Dubya wasn’t blamed for the actual natural disasters, but the handling afterward — unfairly in my opinion Also, just because the Left acts viciously doesn’t mean we have to do the same thing.
Nothing wrong with your opinion. My Bug out options take into consideration severity and duration.
If I need to act now then it’s the G.O.O.D. and I’m on the road.
If I have time I’ll grab a few personal items but I won’t linger.
But with an hours head start, I can get quite a bit in 15 minutes and be on the road before the fire reaches me.
I don’t think most people have thought through the very real possibility for disaster.
Haveing been snowed in, gone through mudslides, floods, tornadoes, southern style hail and even fire, I don’t take anything for granted.
I even escaped the riots in San Francisco by a mere 10 minutes during the whole Rodney King fiasco.
So I am pretty much prepared for all eventualities and know where I will go depending on the incident.
Most people in my are will go to the Santa Cruz mountains to seek shelter under the redwoods.
Not me. I’m going east to avoid as many people as possible and my B.O.B. is designed around that possibility.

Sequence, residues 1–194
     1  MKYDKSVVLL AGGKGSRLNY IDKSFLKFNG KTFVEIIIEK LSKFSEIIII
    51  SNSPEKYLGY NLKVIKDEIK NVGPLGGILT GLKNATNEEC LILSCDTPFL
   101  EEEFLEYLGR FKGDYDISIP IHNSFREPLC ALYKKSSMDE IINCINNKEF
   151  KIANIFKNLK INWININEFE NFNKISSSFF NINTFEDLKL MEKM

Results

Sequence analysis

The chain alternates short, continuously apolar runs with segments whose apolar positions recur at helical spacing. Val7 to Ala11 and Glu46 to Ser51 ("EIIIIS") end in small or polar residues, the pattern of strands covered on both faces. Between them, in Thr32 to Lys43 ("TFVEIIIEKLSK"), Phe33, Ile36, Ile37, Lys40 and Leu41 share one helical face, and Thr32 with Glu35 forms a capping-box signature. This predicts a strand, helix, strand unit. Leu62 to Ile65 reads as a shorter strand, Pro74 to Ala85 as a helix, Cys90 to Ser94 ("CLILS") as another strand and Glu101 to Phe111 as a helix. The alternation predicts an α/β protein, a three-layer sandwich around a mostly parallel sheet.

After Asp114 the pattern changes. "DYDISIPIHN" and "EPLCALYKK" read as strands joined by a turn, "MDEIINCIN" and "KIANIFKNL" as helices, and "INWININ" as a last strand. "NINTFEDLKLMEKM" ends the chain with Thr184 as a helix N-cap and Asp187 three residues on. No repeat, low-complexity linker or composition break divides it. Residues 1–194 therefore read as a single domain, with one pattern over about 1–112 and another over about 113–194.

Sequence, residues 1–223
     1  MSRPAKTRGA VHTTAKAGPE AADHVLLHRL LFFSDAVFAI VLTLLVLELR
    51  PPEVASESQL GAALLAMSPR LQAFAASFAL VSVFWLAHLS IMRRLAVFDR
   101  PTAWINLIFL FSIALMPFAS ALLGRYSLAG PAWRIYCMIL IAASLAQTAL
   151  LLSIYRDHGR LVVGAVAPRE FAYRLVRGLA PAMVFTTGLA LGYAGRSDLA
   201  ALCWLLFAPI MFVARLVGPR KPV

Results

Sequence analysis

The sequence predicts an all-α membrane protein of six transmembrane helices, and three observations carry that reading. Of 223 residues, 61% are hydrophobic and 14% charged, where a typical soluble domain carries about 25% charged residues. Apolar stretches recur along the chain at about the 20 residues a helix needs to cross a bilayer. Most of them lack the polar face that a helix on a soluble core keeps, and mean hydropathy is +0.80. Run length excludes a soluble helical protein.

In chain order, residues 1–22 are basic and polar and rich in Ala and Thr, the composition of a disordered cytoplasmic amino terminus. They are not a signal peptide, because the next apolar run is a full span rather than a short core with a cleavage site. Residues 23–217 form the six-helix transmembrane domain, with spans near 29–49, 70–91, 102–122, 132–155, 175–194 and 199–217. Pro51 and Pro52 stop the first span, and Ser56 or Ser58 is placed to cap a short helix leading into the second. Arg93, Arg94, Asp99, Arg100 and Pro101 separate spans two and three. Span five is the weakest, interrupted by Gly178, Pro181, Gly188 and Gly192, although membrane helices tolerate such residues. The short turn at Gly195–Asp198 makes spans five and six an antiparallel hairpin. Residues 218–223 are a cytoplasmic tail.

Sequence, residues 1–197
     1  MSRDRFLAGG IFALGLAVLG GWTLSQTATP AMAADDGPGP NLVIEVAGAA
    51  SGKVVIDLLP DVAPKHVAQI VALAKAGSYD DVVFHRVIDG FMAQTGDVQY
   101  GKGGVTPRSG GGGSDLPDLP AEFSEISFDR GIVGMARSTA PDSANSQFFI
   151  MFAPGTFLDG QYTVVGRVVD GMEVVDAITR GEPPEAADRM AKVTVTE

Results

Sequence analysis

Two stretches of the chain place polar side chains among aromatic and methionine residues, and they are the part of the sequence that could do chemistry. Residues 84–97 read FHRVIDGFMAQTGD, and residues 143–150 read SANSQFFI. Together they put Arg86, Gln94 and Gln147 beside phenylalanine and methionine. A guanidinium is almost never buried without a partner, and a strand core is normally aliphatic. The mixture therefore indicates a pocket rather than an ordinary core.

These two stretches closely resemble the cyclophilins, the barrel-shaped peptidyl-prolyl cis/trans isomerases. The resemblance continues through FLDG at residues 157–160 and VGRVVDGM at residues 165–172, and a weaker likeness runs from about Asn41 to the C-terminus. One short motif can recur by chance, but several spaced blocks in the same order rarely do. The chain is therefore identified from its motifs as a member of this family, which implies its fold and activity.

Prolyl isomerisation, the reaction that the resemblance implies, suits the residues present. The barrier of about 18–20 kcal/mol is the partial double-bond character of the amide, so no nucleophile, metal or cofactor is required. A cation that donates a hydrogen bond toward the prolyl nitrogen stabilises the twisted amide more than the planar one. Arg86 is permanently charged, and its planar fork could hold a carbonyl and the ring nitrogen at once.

Besides, people are stupid and will end up lighting the forest on fire for their carelessness.
I'm not sure what the service record ib Mini Coopers might be. But I don't recall seeing too many while I was over there.
If I don't focus on what is being broadcast in the news, I'm left with the intended impression that the entire country of Japan is radioactive and out of food supplies.......and of course that's not the case.
But the MSM, in their own insidious way, leads you to believe that it is all of Japan.
“There’s no shortage of BMW’s and Mercedes Benz’s in Japan.”
Yes, but those are luxury items. The people who buy those in Japan aren’t worried about a few hundred thousand yen here and there.
A Mini Cooper would be — or should be — affordable.
I thought my pun was self explanatory but apparently not so.
I wasn't blaming the Japanese Tsunami on Obama.
I equated the disaster he has brought to America with the disaster the Tsunami brought to Japan.
He is our Tsunami. Get it?